On Saturday, April 15 I attended a program sponsored by the Rwandan Community in Iowa along with Iowa Friends of Rwanda. Although I have been a number of places on this planet I have never been to Africa much less the country of Rwanda. I do, however have a good friend who has been there many times and has shared stories about the country and it’s past trials and tribulations. In addition he has brought a number of students over to attend Iowa colleges.


This program was the first year of an Iowa commemoration of the genocide of the Tutsi population in Rwanda. In 1994, close to one million Tutsis were slaughtered by the Hutu, another ethnic group within the country. At one point 10,000 people were herded into a stadium and were killed with machetes. Out of the estimated 200 people in attendance in Des Moines, many had lost friends and relatives in the violence. The stories that were told at the ceremony will never leave my brain. One woman told her families story in which her father and brothers were murdered and a neighbor, who she considered a friend of the family, raped her. Her story was only one of many told during the four-hour ceremony.

In addition to Iowans and Nebraskans whose heritage is from Rwanda, speakers came from as far away as England and Rwanda. Glen Ford came across the pond on behalf of the Aegis Trust, to speak about genocide and it’s horrific impact upon cultures and communities throughout the world. In addition Ambassador Ken Quinn, President of the World food Prize in Des Moines, spoke about his personal experience with genocide, which he witnessed when he was Ambassador to Cambodia.

Raphael Lemkin, a Polish Jew, coined the word genocide in 1943, after the Nazis had killed millions of the Jewish faith, including his family. He combined Greek and Latin words geno (meaning race or tribe) with cide (meaning killing).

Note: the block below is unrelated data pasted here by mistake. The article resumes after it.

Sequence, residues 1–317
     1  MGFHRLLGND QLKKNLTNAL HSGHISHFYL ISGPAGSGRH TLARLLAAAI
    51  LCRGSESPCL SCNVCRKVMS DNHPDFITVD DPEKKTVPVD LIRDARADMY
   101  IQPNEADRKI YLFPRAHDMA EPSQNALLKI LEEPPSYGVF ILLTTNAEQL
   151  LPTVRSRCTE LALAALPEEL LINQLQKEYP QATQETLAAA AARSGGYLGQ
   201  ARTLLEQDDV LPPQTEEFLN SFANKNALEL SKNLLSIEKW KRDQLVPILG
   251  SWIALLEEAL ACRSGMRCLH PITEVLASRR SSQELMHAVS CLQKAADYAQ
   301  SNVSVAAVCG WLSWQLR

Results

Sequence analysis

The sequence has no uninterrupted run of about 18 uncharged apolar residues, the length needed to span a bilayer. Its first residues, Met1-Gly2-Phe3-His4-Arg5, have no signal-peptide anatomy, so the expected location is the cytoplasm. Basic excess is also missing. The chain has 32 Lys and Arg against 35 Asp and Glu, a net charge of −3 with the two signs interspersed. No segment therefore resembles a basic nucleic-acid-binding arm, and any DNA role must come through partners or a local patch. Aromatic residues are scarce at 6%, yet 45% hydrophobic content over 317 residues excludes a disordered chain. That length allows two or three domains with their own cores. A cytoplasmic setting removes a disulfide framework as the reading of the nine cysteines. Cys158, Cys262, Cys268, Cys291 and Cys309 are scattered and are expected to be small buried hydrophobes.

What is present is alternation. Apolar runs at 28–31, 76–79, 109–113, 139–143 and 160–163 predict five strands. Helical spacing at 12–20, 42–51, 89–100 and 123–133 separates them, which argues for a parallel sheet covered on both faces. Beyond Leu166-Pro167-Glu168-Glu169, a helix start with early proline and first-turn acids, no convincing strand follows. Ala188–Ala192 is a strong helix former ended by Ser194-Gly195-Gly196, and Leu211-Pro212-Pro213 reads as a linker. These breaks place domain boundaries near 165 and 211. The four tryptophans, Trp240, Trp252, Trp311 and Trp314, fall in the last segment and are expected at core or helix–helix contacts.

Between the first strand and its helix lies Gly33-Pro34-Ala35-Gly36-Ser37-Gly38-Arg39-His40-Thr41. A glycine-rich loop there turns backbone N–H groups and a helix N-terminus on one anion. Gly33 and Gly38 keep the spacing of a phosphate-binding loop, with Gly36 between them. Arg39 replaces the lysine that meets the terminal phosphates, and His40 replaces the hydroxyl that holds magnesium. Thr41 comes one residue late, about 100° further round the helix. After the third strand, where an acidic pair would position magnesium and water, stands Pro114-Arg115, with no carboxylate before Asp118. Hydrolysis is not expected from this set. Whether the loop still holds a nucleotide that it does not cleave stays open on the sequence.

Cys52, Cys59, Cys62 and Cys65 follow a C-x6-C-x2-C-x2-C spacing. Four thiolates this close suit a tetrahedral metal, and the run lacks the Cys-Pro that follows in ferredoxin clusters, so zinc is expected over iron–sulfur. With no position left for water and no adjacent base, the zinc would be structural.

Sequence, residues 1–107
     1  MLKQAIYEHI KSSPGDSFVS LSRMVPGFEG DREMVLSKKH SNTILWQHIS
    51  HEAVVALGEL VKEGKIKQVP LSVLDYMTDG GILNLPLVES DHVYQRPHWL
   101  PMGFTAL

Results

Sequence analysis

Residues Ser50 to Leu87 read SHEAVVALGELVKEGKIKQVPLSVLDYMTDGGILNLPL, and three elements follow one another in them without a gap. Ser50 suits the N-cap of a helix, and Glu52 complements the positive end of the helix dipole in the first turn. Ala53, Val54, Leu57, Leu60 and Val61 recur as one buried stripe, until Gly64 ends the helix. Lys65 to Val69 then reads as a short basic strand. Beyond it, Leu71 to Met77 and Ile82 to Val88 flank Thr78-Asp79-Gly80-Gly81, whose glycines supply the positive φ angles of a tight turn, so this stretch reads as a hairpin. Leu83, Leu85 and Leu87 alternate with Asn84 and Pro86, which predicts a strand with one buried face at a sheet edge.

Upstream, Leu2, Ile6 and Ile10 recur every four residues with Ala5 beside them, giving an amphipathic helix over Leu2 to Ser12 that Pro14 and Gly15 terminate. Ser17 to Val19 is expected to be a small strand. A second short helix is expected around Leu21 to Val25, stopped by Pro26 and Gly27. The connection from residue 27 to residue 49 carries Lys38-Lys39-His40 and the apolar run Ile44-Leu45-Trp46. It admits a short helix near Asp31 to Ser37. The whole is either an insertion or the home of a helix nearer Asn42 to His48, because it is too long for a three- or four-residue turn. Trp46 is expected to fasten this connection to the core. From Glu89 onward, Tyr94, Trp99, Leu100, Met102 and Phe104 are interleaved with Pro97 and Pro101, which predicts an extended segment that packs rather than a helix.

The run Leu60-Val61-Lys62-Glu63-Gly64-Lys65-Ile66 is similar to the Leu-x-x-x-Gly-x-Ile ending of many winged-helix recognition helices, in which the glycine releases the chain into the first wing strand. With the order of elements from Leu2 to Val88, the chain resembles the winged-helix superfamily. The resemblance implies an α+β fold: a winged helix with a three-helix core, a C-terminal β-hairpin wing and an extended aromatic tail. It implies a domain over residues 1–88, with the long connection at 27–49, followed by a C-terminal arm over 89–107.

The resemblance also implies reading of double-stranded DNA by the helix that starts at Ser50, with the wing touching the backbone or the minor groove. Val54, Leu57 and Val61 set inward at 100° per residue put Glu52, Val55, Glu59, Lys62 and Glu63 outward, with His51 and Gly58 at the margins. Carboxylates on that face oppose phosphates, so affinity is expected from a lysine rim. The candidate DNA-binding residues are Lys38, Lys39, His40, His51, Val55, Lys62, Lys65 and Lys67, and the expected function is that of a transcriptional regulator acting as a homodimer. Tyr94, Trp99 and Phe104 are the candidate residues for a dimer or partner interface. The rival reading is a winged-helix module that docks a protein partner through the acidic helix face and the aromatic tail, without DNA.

More then anything, I came away with the disturbing knowledge that genocide can happen anywhere anytime. It is the columniation of an intense hatred and degradation of one group by another.

As I think about what I heard at the commemoration ceremony and then think about what has been happening in a number of other countries, including Poland, Hungary, Turkey, Venezuela and to a small extent in this country, I conclude that the seeds of genocide are being sown in a number of places, and if humanity is not diligent, it can grow. I do not conclude that genocide is prevalent in any of the aforementioned countries, however on a 100 point scale with 100 being genocide, those countries, who at one point would have not even been on the chart are now at least moving toward it. Genocide happened in the Congo, and the fighting in Syria could already be called genocidal. Madeline Albright, in her review of her new book, quoted Benito Mussolini as saying that “a chickens feathers are removed one at a time” and that is how a country goes from democracy to fascism, slowly but surely. As we have seen so vividly in the past, fascism can easily create genocide. My only advice to other Americans, is be very very diligent, and do not think it could not happen here.

Dick Goodson, Chair Emeritus of the Des Moines Committee on Foreign Relations